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Sofia (Bulgaria)

LC control no.n 79131147
Descriptive conventionsrda
Geographic headingSofia (Bulgaria)
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Geographic subdivision usageBulgaria--Sofia
Variant(s)Horad Safii︠a︡ (Bulgaria)
Safii︠a︡ (Bulgaria)
Sardica (Bulgaria)
Serdica (Bulgaria)
Serdika (Bulgaria)
Sofie (Bulgaria)
Sofii︠a︡ (Bulgaria)
Sofija (Bulgaria)
Sofio (Bulgaria)
Sofiya (Bulgaria)
Sofiyah (Bulgaria)
Sóifia (Bulgaria)
Sophia (Bulgaria)
Sop'ia (Bulgaria)
Sredet︠s︡ (Sofia, Bulgaria)
Sredetz (Sofia, Bulgaria)
Sredez (Sofia, Bulgaria)
Ṣūfiyā (Bulgaria)
Triadit︠s︡a (Bulgaria)
Σόφια (Bulgaria)
Сафія (Bulgaria)
София (Bulgaria)
Горад Сафія (Bulgaria)
סופיה (Bulgaria)
صوفيا (Bulgaria)
소피아 (Bulgaria)
Other standard no.Q472
Associated countryBulgaria
Special noteSubstitute
Old catalog hdg.: Sofia
URIs added to 3XX and/or 5XX fields in this record for the PCC URI MARC Pilot. Please do not remove or edit these URIs.
Non-Latin script references not evaluated.
Found inEncyc. Brit., 15th (Sofia)
Americana (Sofia)
Colliers (Sofia)
Col. Lipp. Gaz. (Sofia)
Webster's geogr. dict., 72 (Sofia; Sofiya; ancient names Sredets, Serdica, Sardica)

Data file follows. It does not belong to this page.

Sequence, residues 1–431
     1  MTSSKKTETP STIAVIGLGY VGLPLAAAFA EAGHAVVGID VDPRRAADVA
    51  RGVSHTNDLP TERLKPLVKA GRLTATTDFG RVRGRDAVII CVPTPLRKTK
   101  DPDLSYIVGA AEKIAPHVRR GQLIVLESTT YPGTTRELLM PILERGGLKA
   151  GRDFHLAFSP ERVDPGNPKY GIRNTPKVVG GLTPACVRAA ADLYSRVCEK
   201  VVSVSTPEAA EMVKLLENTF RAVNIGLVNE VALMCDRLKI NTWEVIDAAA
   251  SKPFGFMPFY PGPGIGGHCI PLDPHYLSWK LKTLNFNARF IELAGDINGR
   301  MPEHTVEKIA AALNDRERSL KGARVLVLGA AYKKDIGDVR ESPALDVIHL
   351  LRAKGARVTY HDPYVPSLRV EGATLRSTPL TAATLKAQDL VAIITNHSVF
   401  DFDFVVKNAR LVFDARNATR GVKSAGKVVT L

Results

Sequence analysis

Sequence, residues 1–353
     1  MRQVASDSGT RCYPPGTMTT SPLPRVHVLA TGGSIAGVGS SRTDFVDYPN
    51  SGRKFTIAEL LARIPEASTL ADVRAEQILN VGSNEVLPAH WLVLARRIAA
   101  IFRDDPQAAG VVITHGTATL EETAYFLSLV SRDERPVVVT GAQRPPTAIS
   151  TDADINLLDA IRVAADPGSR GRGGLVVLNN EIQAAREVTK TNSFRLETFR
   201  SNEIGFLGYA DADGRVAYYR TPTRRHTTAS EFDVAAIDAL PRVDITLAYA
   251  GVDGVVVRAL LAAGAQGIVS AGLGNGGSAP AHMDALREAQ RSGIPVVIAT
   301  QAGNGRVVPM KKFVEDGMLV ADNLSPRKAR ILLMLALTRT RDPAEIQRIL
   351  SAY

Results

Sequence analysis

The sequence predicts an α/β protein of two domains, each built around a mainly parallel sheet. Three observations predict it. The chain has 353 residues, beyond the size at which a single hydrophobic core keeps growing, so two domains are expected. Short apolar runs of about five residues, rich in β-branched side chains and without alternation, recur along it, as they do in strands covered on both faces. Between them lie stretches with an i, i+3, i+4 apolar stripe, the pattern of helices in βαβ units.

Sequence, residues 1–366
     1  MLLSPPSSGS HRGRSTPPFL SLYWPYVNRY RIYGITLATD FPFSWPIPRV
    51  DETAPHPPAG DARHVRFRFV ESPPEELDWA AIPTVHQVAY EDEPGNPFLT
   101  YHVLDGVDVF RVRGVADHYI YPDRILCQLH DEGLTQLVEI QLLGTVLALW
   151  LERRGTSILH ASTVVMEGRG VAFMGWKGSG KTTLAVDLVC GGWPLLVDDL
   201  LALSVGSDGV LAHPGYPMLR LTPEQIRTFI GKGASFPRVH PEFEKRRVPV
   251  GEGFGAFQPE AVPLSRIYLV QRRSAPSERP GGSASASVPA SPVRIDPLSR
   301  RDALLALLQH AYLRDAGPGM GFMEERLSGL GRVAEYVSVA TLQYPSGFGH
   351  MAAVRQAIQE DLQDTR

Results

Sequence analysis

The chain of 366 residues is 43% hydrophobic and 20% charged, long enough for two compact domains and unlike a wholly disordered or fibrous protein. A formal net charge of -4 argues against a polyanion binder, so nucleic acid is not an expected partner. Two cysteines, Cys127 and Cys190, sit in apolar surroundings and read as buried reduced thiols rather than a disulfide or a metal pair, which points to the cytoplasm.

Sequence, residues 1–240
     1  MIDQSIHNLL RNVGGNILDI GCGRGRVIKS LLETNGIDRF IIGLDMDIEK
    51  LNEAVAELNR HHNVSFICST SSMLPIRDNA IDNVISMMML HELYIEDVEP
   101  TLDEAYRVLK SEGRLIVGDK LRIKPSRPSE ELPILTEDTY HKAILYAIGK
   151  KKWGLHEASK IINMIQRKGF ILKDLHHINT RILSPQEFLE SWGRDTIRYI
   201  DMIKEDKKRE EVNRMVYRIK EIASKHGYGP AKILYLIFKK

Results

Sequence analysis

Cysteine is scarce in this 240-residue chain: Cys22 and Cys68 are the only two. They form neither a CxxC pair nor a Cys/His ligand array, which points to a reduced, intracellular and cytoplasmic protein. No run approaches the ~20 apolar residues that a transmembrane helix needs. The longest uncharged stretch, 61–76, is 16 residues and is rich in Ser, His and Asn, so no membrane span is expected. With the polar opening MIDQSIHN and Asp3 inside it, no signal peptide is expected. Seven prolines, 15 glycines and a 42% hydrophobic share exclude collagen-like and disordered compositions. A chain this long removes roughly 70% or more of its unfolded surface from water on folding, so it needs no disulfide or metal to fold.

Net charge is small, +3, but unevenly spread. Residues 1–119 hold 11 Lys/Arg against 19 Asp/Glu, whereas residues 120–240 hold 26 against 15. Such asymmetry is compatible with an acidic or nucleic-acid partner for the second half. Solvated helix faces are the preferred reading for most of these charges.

BGN per phone, 9/7/79 (Sofia [conventional]; Sofiya; 42°41ʹN 23°19ʹE; popl.)
Krat. bŭlg. ent︠s︡ikl. (Sofii︠a︡; called by Romans Serdika; by Slavs Sredet︠s︡; by Greeks Triadit︠s︡a)
Wikipedia, July 7, 2011 (Sofia (Bulgarian: София = Sofii︠a︡, Sofiya [in rom.]; 42°42ʹN 23°20ʹE) Arabic page (صوفيا = Ṣūfiyā) Aragonese page (Sofiya) Belarusian page (Горад Сафія = Horad Safii︠a︡; Сафія = Safii︠a︡) Bosnian page (Sofija) Czech page (Sofie) Greek page (Σόφια = Sophia) Esperanto page (Sofio) Irish page (Sóifia) Korean page (소피아 = Sop'ia) Hebrew page (סופיה = Sofiyah)
Britannica online, September 24, 2015 (Sofia, Bulgarian Sofiya, capital of Bulgaria; The Serdi (Sardi), a Thracian tribe, established a settlement in the region in the 8th century bce. This community was conquered soon after 29 bce by the Romans, who named it Serdica (Greek: Sardica); In 809 the Bulgarian khan Krum seized the town and incorporated it in the Bulgarian state; it was given the Slav name Sredets (Greek: Triaditsa). It was under Byzantine rule from 1018 until 1185, when the second Bulgarian Empire was established. Sofia fell to the Turks in 1382; the Ottoman governor of Rumelia took up residence there, and the town gradually acquired a distinctive Oriental appearance. It was liberated from Ottoman rule by Russian troops on January 4, 1878, and was designated the Bulgarian capital on April 3, 1879)
Geographic area codee-bu---
Invalid LCCNn 79100816